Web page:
Algal physiology in a changing world
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Heron Island, Australia.
Microscopy image of Antarctic diatom Eucampia antarctica
Acropora millepora and Stylophora pistillata, Heron Island.
On the ice, east Antarctica (2014, photo credit Stuart Shaw).
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A short introduction...
I am a senior lecturer at the University of Technology Sydney (UTS) where I head the Marine Microphycology Laboratory. Coupling cell physiology, photobiology and biochemistry, my research investigates cellular processes, biochemical and biomolecular shifts in microalgae in response to environmental change and aims to link phenotypic traits and responses with ecology and ecosystem resilience. Another key focus is the role of biogenic sulphur in microalgal stress physiology and its influence on marine social networks. My research spans a broad range of organisms (phytoplankton, corals, foraminifera) and habitats (coral reefs, temperate coastal waters, Antarctic waters, sea ice), and covers a range of spatial scales from sub-cellular to ecosystems.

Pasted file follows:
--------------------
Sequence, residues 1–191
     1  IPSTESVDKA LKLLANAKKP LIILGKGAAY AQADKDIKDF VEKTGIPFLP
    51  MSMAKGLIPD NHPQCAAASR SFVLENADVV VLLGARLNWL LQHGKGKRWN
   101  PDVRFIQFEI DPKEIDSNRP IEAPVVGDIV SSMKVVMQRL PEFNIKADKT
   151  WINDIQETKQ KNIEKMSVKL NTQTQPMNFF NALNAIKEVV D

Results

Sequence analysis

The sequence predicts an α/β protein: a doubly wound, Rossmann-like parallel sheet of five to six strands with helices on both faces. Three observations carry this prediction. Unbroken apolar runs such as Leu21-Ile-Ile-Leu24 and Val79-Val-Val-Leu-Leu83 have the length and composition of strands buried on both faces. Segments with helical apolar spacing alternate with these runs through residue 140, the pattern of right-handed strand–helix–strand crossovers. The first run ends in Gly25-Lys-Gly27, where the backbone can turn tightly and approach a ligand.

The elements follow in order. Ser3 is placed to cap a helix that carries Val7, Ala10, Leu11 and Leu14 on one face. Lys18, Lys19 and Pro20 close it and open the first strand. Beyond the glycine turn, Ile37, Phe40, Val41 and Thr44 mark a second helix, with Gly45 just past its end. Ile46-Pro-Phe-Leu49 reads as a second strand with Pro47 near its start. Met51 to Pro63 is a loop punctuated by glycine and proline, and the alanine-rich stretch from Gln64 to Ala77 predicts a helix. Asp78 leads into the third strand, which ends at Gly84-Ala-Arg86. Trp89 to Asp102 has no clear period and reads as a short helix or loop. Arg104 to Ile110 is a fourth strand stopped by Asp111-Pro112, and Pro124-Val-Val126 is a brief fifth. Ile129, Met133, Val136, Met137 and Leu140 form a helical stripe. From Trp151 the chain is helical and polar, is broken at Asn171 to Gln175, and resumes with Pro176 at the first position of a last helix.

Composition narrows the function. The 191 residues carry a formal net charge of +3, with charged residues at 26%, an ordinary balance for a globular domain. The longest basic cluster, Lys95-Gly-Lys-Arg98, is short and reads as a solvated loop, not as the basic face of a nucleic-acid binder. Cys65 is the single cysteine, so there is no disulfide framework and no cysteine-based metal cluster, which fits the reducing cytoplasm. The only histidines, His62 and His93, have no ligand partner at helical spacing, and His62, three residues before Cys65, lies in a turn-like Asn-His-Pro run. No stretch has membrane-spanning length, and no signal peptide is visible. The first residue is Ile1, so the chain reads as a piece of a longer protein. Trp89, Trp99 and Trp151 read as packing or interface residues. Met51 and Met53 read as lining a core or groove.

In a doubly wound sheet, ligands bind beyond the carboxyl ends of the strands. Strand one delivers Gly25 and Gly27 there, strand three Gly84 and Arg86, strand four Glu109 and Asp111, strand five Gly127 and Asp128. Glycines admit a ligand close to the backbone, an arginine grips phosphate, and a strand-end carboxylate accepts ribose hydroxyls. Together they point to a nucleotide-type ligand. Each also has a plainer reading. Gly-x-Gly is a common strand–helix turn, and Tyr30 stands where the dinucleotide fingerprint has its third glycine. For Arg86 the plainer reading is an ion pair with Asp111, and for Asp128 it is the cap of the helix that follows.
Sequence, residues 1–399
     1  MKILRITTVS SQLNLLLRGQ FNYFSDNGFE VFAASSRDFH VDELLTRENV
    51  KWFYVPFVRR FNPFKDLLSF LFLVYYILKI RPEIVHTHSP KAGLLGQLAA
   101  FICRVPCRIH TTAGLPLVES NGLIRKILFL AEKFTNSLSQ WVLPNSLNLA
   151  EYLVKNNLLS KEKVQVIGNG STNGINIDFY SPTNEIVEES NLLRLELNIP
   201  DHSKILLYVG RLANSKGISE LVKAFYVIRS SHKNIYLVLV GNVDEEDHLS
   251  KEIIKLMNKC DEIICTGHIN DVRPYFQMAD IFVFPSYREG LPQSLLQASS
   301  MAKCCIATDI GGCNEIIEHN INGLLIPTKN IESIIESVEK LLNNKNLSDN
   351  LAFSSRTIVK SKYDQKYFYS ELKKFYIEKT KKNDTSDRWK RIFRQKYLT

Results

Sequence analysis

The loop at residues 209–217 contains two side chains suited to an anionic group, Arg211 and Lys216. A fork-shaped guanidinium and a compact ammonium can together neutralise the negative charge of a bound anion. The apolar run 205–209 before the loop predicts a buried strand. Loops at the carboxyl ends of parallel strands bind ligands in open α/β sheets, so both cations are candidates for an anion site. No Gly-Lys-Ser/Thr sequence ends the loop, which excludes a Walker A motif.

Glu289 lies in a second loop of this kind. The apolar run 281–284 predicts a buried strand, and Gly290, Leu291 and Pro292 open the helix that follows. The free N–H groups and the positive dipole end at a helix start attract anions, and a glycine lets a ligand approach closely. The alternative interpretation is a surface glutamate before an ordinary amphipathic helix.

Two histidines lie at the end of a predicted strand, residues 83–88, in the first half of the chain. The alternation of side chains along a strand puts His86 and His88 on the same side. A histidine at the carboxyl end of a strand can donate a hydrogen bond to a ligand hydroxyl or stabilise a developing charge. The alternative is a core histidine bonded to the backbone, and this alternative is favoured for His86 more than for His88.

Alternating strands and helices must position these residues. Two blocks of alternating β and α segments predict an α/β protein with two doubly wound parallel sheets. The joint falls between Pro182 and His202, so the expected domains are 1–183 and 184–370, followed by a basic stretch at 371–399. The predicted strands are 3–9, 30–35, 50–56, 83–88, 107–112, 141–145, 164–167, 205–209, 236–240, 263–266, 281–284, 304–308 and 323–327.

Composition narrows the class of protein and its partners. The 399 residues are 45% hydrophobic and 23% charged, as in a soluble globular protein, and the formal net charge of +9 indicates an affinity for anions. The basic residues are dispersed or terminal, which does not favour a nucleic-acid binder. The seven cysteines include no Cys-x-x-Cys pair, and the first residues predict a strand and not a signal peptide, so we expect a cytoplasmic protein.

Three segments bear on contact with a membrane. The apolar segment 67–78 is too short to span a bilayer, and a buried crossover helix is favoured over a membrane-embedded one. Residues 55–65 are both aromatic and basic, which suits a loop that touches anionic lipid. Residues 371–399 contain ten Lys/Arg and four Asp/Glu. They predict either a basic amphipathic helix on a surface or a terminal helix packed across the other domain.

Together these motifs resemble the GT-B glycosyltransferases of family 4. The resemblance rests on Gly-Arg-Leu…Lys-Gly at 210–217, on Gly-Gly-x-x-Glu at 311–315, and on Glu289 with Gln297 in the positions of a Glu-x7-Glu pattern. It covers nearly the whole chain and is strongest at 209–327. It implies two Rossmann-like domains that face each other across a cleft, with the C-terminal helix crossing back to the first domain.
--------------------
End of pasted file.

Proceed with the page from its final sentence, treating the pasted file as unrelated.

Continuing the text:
In the Marine Microphycology Lab our research aims to answer how diatoms will respond to a high CO2 ocean, how microalgal nutritional value is influenced by environmental change and how biogenic sulphur compounds influence microalgal physiology and lower trophic interactions in the marine environment. Currently, the lab consists of three PhD students and one Honours student.